So recently there’s been a kerfuffle in the Catholic part of the blogosphere. Somebody made some harsh and uncharitable remarks about a Catholic organization that’s doing good work. Someone else called the first party on their harsh and uncharitable remarks, and defended the Catholic organization. Others are now criticizing the second party for his criticism of the first party, and anyway the second party hates Catholics like the first party and the Catholic organization is icky.
You’ll note that I’ve not given any names or links here, first because I don’t want to add to the feeding frenzy, and second because while I have my own sympathies with certain of those involved I have very little information of my own about the actual circumstances, and would be just repeating hearsay.
And third, and most important, I could have written the above two paragraphs at almost any time in the last five or ten years. This sort of thing goes on all of the time. And that’s what I want to write about: not the facts of this case, but about an attitude that can be spiritually corrosive.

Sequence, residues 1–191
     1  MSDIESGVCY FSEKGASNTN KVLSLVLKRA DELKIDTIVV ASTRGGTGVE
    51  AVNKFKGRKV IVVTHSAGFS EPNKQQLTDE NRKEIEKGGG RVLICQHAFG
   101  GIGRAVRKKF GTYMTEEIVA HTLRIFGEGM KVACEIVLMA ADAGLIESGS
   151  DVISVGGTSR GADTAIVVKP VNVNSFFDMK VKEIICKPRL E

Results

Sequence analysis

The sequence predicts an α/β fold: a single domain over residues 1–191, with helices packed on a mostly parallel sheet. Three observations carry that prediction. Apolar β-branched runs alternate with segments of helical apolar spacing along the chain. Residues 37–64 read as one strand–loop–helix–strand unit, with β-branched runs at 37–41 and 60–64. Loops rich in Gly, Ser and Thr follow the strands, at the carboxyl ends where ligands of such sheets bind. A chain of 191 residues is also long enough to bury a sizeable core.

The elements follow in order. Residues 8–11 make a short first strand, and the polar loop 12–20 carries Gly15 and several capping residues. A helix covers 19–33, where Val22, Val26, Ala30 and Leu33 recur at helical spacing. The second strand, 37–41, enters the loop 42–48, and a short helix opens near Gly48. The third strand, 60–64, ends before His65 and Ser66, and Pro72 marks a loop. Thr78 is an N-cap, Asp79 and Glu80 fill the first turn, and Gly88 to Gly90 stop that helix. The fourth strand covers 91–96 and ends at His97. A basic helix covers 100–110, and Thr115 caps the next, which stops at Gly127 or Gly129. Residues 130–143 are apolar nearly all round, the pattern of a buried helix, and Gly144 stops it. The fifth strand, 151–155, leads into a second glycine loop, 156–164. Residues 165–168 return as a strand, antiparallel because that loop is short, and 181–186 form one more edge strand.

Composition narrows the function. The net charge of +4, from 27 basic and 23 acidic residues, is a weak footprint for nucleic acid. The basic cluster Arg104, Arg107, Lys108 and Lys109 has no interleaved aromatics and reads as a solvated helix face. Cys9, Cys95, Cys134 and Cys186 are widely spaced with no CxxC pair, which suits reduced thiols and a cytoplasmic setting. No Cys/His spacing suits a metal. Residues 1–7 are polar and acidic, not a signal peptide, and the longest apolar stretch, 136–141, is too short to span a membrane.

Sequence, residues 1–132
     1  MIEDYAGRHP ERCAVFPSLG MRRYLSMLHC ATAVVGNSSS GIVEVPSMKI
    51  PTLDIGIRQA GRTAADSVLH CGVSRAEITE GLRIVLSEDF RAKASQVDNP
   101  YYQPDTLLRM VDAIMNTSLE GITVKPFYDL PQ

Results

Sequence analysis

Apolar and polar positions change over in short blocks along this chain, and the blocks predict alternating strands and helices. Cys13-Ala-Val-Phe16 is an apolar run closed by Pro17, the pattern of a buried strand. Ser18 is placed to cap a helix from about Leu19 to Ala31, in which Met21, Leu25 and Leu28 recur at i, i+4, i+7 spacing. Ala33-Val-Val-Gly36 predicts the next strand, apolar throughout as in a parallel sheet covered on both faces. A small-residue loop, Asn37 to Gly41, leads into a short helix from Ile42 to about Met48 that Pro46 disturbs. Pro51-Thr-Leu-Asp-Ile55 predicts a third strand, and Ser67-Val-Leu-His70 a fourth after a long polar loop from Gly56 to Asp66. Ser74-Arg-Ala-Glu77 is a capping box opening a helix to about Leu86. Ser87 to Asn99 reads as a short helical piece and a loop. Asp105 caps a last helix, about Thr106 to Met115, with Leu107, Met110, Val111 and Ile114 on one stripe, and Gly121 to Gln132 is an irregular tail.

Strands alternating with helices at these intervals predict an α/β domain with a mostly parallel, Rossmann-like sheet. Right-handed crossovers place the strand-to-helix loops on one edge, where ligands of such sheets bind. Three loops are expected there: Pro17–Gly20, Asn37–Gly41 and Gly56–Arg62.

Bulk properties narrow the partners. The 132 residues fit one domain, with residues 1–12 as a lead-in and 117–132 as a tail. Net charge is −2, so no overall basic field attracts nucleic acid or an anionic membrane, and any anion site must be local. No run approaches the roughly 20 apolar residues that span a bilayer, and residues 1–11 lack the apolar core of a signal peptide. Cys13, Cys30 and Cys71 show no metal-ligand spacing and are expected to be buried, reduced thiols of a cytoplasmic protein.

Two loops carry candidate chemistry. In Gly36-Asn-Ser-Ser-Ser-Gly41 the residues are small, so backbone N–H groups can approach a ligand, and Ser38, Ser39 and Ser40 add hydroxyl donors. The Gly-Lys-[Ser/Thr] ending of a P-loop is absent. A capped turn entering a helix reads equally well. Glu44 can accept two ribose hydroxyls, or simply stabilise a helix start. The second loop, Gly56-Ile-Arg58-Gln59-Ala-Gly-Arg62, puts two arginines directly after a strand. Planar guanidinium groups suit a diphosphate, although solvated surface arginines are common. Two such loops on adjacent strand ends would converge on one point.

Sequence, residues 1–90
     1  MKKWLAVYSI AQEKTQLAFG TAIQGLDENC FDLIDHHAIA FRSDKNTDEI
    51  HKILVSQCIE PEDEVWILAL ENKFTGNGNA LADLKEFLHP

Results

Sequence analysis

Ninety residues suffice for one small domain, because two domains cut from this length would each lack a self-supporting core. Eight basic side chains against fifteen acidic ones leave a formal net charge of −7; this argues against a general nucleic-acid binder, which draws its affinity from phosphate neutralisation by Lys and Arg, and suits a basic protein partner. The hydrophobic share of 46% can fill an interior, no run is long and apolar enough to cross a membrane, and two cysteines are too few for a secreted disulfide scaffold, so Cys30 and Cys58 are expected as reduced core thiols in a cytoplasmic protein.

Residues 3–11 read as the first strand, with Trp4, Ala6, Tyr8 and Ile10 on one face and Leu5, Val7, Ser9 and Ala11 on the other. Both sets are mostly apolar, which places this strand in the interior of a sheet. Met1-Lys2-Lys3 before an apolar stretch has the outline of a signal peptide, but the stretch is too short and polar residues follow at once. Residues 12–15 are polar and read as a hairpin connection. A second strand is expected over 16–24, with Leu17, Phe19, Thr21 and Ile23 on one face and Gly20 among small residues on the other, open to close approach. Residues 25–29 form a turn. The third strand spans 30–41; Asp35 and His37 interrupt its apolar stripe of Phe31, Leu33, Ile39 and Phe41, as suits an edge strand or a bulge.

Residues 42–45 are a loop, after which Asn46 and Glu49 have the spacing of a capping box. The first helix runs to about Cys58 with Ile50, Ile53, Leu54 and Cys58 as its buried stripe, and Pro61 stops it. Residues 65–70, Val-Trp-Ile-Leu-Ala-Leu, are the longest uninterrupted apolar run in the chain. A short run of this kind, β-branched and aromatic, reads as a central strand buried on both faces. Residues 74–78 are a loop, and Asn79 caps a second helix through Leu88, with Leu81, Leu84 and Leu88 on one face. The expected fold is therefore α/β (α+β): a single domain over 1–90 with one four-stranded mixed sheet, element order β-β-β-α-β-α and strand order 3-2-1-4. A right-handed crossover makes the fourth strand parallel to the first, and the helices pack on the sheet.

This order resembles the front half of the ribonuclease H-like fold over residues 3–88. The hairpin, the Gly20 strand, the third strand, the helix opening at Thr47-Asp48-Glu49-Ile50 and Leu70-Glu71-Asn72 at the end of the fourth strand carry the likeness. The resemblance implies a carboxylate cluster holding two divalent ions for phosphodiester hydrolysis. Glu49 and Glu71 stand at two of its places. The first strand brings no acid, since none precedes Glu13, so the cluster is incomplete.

Many years ago my then pastor told a story about a government agent who investigated counterfeiting operations and gave a talk about it. Someone suggested to the agent that he must spend a lot of time studying counterfeit bills. He said, no, he didn’t. Counterfeit bills are all different. Instead, he spent his time studying real bills so that he could readily see any differences.
My then pastor drew the moral that if we want to be able to spot falsehood we have to be thoroughly familiar with the truth. And that’s good advice, I think, but I want to extend it a little further.
As on-line Catholics, we can spend our time writing about what is true, good, and beautiful, or writing about what is false, bad, and ugly. We can look for uplifting links to share or for horrible things to castigate.
I’d like to suggest that we only do the former—but I won’t. We need to stand against error where we find it, and that will sometimes involve being critical. Standing against error isn’t spiritually corrosive.
But I would suggest that a constant and single-minded pursuit of error in order to stand against it can be. It can lead you to see error where there is none, or at the least to magnify molehills into mountains if it’s a slow news day. And if you’re spending all of time looking for errors, you can begin to forget what the truth looks like.
Don’t just stand against the false, the bad, and the ugly. Stand for the true, the good, and beautiful, not simply in principle but also in practice. It’s better for you, and you’ll have less to repent of.